Chinese/Taiwanese Egg and Chive Pocket Recipe

Egg and chive pockets 2

It’s an Asian thing. And what’s weird is that egg and chive pockets weren’t a huge favorite of mine growing up, but one morning I had a major craving for them. Certain things just remind you of home, I guess.

My grandmother made them on the bigger side, think along the lines of the size of half of a dinner plate. I on the other hand, didn’t feel capable of pulling that off since I had never made them before. So I went the small pocket route and they were delicious.

Since I was winging it, I didn’t write down any measurements, but you can still get the gist of what I did and create yours at home. Super easy by the way.

Egg and Chive pockets

Put all-purpose flour in a bowl and mix with hot water. I use a chopstick until the water cools down a bit, and then knead with my hands. Combine until the dough comes together, is moldable, and only slightly sticky to the touch. Let the dough rest for 15 minutes.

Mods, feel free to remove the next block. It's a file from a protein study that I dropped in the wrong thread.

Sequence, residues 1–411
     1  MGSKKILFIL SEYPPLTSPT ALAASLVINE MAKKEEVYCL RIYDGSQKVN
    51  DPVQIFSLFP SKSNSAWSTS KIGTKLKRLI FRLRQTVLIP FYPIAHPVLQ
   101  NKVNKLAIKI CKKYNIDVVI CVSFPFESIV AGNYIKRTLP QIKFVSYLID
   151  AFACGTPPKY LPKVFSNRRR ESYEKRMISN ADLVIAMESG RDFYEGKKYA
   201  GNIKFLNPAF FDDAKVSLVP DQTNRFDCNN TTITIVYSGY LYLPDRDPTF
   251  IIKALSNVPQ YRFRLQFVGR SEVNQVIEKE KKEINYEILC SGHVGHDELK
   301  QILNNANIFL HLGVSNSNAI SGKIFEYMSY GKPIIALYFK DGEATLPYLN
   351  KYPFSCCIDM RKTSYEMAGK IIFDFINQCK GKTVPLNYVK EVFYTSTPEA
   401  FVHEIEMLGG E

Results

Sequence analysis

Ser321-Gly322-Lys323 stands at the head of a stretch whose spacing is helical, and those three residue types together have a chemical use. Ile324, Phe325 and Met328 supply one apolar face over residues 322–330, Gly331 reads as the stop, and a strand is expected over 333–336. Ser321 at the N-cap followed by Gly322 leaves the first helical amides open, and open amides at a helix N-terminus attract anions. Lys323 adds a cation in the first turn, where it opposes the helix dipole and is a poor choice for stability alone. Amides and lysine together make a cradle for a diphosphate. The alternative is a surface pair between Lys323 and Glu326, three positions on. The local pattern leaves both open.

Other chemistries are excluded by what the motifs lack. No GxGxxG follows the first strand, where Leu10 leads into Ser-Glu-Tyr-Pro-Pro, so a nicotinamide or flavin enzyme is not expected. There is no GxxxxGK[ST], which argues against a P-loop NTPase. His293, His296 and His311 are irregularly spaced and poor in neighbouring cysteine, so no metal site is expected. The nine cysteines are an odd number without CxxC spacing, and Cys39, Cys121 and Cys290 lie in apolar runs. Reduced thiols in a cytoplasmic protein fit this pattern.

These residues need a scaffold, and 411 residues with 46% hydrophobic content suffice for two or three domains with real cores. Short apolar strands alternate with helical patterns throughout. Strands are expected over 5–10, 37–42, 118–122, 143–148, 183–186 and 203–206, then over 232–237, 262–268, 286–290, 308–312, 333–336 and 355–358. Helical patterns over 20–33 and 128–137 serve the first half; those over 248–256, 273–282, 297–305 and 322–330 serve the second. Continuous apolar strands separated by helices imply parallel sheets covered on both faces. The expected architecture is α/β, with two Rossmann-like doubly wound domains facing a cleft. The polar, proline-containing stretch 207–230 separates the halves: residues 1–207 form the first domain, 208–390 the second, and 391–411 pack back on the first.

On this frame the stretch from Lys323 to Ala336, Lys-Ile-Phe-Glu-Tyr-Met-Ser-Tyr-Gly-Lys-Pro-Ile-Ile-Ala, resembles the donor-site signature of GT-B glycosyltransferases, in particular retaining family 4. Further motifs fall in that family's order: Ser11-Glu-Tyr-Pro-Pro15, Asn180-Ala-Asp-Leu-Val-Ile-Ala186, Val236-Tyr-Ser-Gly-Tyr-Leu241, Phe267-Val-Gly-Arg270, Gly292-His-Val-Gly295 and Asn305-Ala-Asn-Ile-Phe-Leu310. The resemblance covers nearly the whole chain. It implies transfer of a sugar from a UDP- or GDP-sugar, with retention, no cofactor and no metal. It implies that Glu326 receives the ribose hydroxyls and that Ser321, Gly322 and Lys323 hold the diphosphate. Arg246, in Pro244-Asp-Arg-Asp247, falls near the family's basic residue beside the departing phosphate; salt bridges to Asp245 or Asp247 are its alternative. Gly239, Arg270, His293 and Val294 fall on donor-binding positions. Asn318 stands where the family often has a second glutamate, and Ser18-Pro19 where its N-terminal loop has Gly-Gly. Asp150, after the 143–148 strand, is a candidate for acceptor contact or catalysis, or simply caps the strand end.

Egg and chive pockets 3

While that’s resting, scramble eggs in a bowl with sesame oil and soy sauce. Cook scrambled eggs. Mix eggs with chopped Chinese chives and cilantro. Cilantro is optional, I just felt like eating it that day.

Divide the dough up to a handful for each pocket. Only use enough so that when you roll them out (across a floured surface), the diameter is around 6 inches or so. Roll it out thin, but not thin enough so that it isn’t strong enough to hold in the filling. Think along the lines of empanada thick. Fold the dough closed so that it looks like a half moon. Close the dough by pressing down and then doing mini folds.

Heat a few TBS of canola oil in a pan over medium-high heat. Place the pockets in the pan. When the bottom is browned, flip and cook till that side is browned as well.

Chinese/Taiwanese comfort food.

Joyce Huang

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